The retailer’s revamped store at Bluewater focuses on product interaction and a female-friendly environment.
Shopping centres are a bit like old trees inasmuch as there is a surefire way of judging their maturity. With malls, instead of the number of concentric rings that can be seen when a tree is chopped down, you only need to visit a long-stay tenant and ask how many refurbishments the unit has been through.
In the case of the Currys/PC World unit at Bluewater, which opened in 1999, the number is four, meaning not just that this is a centre that has been around for a while, but also that the fascias’ owner, Dixons, has been keen to keep its store up-to-date. At the end of last week, as it opened the doors on the latest makeover of this store, it looked like it was succeeding in that ambition.
To list briefly the various Currys/PC World incarnations, when Bluewater opened this was a Dixons store, plain and simple. Later, it morphed into a Currys Digital shop with a green and red fascia, and then became Currys/PC World, boasting a purple and dark blue and white frontage. In its latest incarnation, it has retained the latter colour palette but inside things have changed and this is now a play park for technology fans and, more specifically, women.
Anybody who has followed the developing story that is Dixons/Currys/PC World will be aware that what is on view in Bluewater is the outcome of developments that can be seen in retail arenas as diverse as Gatwick and a Harrods shop-in-shop. At Gatwick’s South Terminal the new-look store that was unveiled just a few weeks ago is designed for speed and ease of purchase, combined with the ability to play with the merchandise. Quentin Bossom, head of design at Dixons, says that one of the starting points for the 5,000 sq ft Bluewater store redesign was “a re-engineering of the offer”. He explains: “In the past, in stores like this we’ve tried to make mini-megas [Currys/PC World Megastores], which was wrong, because things are different in a shopping centre. We’ve listened to our customers too, who told us that we were stopping them playing, so this store is about allowing them to play.”
One thing that is immediately apparent about the store from the moment the shopper stands poised at the entrance is that the numerous mid-shop tables are not just low, they are all attractively lit from beneath. Aesthetically, this is easier on the eye than the more masculine ‘playtables’ that were the basis of the Dixons Black store in Birmingham a couple of years ago. The other point is that they are smaller.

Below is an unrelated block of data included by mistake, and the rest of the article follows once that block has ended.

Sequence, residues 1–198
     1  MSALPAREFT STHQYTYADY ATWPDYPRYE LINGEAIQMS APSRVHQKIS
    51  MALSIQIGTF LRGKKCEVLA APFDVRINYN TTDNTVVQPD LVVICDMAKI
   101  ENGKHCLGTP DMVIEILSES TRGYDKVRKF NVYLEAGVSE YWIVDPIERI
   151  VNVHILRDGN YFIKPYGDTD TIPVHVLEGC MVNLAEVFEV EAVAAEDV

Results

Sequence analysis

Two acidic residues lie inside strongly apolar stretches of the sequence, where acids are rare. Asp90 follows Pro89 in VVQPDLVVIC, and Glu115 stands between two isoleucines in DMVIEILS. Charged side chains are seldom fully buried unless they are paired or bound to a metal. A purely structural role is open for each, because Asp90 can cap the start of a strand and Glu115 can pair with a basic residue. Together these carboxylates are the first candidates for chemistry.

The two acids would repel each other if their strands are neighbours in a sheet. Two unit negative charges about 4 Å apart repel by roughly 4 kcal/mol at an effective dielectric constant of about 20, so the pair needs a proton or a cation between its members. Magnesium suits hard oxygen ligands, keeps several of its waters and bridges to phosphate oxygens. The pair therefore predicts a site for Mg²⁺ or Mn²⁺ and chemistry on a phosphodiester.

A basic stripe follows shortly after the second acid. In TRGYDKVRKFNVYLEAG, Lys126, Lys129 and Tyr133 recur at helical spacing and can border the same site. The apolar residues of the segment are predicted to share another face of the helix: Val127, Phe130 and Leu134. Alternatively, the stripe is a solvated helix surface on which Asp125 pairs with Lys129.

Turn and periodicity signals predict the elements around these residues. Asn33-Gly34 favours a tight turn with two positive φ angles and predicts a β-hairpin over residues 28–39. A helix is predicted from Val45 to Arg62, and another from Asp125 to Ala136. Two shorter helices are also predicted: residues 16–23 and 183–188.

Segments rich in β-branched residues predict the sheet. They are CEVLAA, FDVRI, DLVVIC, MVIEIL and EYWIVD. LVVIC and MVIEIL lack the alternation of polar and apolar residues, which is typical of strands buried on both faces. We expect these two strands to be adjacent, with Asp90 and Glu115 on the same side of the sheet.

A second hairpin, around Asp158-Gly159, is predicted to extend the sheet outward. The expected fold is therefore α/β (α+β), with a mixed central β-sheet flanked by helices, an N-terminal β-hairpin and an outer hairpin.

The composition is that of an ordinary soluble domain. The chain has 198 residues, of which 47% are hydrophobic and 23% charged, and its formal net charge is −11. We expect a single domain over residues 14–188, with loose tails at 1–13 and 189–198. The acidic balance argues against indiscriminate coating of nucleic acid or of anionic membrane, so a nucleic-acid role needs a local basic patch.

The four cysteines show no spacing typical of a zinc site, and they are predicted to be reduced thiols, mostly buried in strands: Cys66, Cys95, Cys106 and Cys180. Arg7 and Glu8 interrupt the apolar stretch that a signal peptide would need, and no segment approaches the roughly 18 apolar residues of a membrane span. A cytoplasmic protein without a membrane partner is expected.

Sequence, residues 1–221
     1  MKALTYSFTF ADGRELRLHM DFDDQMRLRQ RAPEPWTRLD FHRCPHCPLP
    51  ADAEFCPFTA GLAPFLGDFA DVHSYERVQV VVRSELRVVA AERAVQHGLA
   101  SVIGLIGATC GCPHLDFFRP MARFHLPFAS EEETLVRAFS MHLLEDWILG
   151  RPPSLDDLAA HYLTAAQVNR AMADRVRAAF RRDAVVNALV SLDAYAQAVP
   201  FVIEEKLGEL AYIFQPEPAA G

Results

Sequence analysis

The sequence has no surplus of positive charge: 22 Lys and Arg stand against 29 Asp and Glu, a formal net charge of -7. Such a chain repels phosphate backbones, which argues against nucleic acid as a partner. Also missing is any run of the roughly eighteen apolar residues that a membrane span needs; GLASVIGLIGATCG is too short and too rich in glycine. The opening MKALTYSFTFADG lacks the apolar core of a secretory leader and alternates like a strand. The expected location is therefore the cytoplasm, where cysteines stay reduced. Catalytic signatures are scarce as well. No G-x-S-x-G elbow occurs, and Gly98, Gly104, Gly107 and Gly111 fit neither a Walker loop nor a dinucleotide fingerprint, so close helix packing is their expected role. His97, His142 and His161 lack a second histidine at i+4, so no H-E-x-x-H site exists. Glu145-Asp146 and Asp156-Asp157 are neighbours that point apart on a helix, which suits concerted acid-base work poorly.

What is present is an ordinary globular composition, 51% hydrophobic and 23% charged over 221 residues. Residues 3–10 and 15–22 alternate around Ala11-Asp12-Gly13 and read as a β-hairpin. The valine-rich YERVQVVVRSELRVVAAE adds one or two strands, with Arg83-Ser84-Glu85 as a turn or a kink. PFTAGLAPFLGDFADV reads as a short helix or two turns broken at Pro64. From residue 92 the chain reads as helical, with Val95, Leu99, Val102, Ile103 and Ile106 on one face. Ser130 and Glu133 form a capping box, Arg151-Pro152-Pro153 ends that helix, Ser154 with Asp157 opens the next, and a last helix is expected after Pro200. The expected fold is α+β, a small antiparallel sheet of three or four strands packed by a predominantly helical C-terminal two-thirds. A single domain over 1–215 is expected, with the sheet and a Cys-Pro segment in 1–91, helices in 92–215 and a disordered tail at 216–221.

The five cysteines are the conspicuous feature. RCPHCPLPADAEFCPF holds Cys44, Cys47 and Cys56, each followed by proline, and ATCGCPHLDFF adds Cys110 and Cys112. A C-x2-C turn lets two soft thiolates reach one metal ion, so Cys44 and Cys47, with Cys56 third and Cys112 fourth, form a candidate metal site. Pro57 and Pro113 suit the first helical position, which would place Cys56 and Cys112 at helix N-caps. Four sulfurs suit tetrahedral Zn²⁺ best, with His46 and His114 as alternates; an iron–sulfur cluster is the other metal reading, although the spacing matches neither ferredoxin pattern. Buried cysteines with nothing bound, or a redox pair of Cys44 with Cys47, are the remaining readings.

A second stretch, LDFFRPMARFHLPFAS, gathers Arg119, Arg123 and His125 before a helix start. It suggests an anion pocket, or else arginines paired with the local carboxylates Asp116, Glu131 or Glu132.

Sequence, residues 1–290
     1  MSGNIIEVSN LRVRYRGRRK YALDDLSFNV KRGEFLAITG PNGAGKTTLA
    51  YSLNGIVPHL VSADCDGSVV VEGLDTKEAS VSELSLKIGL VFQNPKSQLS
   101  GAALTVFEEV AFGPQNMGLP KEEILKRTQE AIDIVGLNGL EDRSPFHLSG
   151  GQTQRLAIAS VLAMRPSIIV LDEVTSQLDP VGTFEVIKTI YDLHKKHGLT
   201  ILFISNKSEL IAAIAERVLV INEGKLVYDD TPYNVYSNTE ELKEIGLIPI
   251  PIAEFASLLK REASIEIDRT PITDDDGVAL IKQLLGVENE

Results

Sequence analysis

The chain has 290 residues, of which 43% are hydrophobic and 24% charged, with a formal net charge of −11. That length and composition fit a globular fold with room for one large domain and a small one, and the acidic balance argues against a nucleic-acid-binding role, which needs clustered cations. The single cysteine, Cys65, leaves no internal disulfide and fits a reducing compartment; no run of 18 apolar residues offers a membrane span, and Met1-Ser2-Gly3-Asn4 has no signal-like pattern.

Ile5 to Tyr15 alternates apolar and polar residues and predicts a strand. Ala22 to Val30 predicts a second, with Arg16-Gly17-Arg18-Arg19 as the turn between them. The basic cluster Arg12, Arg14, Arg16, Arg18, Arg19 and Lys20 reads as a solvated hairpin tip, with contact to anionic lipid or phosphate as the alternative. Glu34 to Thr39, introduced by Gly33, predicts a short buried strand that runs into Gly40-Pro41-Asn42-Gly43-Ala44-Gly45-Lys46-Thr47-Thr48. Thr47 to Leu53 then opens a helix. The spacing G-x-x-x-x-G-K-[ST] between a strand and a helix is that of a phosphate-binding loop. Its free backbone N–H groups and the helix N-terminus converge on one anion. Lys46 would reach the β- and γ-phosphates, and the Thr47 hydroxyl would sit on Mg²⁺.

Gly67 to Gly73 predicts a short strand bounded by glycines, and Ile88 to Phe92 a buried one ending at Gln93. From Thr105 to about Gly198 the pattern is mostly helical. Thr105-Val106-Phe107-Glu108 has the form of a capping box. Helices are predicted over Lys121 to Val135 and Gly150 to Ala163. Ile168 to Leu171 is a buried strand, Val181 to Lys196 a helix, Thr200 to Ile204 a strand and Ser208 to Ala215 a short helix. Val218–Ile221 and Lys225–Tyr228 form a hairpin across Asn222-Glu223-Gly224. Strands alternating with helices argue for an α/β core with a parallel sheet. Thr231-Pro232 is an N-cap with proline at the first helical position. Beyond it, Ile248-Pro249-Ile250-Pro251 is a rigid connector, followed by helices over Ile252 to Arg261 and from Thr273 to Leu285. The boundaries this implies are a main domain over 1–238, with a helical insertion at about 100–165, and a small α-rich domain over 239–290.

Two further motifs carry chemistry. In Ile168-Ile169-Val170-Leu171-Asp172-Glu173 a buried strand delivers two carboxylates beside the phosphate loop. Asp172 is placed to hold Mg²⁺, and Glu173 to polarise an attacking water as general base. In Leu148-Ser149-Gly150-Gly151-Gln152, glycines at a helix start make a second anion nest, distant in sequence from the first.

This not only improves the chances of in-store circulation but it means that the offer is more readily browsable.
Scattered around this sea of wood-clad units in the mid-shop are what Bossom refers to as ‘beacon tables’. Beacon because each features a 3D white ‘flash’ that rises from the middle of the table, and because they are intended to showcase the flagship products in each of the store’s categories. Each beacon table also has a pair of seats at one end, intended, according to Bossom, to enable the shopper to play with the tablet that is on top of each of the tables.
Away from the mid-shop, the perimeter walls are totally modular and feature wood surround goalposts, providing a frame for each of the categories that is on display. Bossom is keen to demonstrate the flexibility of what has been done, going as far as to have one of the wooden surrounds removed, piece by piece, in order to show how readily the perimeter can be remerchandised.
The star of this particular show, however, is neither a mid-shop selling table nor a perimeter goalpost - it is the service desk. That is Bossom’s name for a cash desk that doubles up as a place where shoppers can bring their techno worries and seek advice because there is an attached Knowhow area.
The service desk has a candy-striped wallpaper background and is visible from the moment entry is made into the store. Bossom says the design has been done in-house and that it is about giving the store something that will
not be on view in any other location because it is bespoke. Behind all of this, and in a semi-discrete location, there is a ‘business lounge’, where comfy seats and advice desks, as well as the striped wallpaper, all form part of the equation. Worth mentioning too are the windows, one of which features Converse All Starsesque-coloured shoes suspended from coloured cords - they serve little purpose other than as mood-setters for the store interior. This is a technology store where play and enjoyment have been put at a premium, which is different from the run-of-the-mill, masculine set-ups that tend to characterise shops in the sector.
Bossom says this is a store that is supposed to point to the “future of the high street” for Dixons. It is a long way from the Dixons stores of old and just as far from the Currys Digital format that can still be found on high streets across the country.
It is also in keeping with the low-key but restrained mood of technology design at the moment.
If you were looking at how to create interest in this sector, while maintaining sales densities, the chances seem good that you might arrive at a generally PoS-free solution of the kind that is on show in Bluewater. Dixons, like the shopping centre itself, has come some distance since the mall opened more than a decade ago and with this latest Currys PC World iteration it looks as if it is still keeping up with the pace.
Currys PC World, Bluewater
Size 5,000 sq ft
Ambience The tech future of the high street
Opened September 5